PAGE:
Ivory poachers are increasing using poisons to kill African elephants. And it's having a deadly knock-on effect for critically endangered and rare species of vultures.
A recent study suggests that poachers are using poison for two reasons. First, they want to kill the elephants for their valuable ivory tusks, which are mostly being exported to China and elsewhere in East Asia.
Second, vultures circling in the sky over dead elephants can alert authorities that poachers are active in an area. By poisoning the elephant or its carcass, the poachers can eliminate this natural 'alarm call' and thereby remain hidden from park guards.
Lead author Dancy Ogada from The Peregrine Fund, an international organization devoted to conserving birds of prey, said poisoning had "exploded in magnitude" as a killer of elephants and rare vultures. Poisoning is now "the biggest cause of vulture mortality" in Africa, he said.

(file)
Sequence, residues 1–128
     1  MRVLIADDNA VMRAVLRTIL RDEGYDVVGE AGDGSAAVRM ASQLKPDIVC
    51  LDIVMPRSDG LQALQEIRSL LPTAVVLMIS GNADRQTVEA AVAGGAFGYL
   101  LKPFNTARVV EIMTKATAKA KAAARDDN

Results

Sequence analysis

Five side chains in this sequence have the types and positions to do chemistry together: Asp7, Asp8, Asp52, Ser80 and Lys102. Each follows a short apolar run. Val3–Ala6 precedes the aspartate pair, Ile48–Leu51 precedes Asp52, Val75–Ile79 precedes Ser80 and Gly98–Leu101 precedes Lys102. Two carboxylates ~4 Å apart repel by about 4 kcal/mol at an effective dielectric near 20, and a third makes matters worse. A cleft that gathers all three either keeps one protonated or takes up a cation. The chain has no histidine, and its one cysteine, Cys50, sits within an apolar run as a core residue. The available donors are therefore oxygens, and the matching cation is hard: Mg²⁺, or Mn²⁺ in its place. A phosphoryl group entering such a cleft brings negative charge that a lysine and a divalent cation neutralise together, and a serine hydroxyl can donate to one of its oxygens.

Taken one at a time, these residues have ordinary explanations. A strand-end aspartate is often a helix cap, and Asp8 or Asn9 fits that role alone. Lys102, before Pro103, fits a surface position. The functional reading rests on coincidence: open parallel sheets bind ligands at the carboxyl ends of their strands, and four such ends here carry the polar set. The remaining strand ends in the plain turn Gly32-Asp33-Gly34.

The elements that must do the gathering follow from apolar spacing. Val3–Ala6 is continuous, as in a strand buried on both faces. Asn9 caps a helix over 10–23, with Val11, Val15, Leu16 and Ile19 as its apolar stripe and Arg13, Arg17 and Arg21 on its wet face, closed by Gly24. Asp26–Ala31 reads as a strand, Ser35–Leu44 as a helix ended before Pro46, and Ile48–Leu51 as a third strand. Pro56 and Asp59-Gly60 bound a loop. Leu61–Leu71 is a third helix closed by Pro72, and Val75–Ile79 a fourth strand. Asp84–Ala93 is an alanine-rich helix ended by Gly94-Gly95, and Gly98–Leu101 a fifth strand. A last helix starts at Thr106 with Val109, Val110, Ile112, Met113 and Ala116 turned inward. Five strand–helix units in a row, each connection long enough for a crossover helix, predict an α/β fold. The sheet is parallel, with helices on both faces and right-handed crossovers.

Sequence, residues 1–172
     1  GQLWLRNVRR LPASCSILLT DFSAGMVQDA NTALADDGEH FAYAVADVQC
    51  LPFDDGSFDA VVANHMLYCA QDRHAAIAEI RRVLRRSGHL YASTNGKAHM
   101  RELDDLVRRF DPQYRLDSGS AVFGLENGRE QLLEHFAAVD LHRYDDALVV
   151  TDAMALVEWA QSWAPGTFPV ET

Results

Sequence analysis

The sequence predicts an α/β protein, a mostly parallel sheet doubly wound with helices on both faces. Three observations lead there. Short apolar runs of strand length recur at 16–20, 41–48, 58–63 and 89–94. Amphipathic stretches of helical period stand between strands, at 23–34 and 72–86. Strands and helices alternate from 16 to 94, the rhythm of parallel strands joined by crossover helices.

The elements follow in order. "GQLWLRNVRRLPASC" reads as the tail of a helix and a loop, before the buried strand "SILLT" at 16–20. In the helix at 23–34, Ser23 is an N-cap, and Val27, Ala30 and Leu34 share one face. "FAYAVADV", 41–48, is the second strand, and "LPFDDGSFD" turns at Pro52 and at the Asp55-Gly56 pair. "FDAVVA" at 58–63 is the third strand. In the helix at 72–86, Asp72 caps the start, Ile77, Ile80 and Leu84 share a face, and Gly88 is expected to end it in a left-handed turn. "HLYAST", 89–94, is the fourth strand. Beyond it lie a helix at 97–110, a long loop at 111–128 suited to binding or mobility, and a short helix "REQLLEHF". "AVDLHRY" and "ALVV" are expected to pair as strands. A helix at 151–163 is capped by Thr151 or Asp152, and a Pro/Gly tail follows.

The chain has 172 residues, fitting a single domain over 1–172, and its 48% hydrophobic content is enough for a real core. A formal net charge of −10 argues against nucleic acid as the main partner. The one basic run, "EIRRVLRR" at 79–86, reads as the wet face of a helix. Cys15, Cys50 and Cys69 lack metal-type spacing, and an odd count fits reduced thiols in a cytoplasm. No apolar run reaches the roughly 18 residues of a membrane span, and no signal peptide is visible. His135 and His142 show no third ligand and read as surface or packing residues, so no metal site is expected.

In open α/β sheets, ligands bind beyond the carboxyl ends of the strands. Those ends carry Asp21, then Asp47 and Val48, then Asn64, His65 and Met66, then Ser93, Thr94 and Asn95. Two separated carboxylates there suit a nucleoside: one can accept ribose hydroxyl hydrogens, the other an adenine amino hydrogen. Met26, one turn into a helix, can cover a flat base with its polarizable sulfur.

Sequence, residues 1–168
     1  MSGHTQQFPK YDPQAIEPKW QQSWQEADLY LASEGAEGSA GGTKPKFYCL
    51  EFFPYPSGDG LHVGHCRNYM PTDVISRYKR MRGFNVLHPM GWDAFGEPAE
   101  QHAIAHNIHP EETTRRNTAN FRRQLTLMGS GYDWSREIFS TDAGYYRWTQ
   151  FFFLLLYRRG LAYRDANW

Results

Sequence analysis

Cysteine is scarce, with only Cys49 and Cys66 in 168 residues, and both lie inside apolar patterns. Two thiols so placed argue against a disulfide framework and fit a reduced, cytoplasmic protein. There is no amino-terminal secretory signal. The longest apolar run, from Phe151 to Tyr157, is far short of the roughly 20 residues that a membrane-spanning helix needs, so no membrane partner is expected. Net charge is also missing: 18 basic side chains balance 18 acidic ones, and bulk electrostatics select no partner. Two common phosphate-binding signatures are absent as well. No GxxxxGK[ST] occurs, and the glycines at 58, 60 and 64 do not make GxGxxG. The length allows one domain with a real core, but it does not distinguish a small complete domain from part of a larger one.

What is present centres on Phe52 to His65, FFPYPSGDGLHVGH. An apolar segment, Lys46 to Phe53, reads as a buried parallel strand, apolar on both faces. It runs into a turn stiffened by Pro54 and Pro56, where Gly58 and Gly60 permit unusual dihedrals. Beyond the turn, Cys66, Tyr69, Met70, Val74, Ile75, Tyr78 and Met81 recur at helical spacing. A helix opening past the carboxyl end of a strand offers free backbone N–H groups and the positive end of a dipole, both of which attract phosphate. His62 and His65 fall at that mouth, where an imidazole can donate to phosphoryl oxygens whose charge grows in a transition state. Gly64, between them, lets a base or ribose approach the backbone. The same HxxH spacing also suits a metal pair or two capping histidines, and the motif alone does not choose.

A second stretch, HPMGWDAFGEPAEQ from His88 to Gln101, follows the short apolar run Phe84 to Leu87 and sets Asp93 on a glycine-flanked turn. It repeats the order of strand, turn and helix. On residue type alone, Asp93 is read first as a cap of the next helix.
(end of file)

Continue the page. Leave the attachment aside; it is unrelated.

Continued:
Vultures are suffering in many parts of the world. Across the Indian Subcontinent, for instance, vulture populations have been decimated by poisoning from a veterinary drug used to treat sick cattle. The same drug, diclofenac, may soon be legalized in Europe, much to the alarm of conservationists.
In Africa, many poisons and pesticides are weakly regulated, making it easy for poachers to get their hands on them.
Largely as a result, in recent months six species of African vultures have been listed as Critically Endangered or Endangered because of their increasingly catastrophic mortality. Africa has the world's richest assemblage of vultures, with 11 of the world's 23 species found on the continent.
In the past, poachers in Africa have used modern technologies such as high-powered rifles and cable snares to kill elephants. Now, a variety of poisons are being added to their arsenal, with increasingly deadly effects on Africa's diverse assemblage of vulture species.
Poisons are also being used to kill African rhinoceros. According to the authors, at least six rhinoceros and 181 elephants are known to have been poisoned in Botswana, the Democratic Republic of Congo, Mozambique, Namibia, South Africa, Tanzania, Zambia, and Zimbabwe from 2012 to 2014.
The authors of the recent paper argue that authorities need to do much more to regulate access to the readily available poisons and pesticides that poachers are using.
The Peregrine Fund is soliciting public support to aid its efforts to reduce the increasingly deadly impact of poisons on endangered vultures worldwide.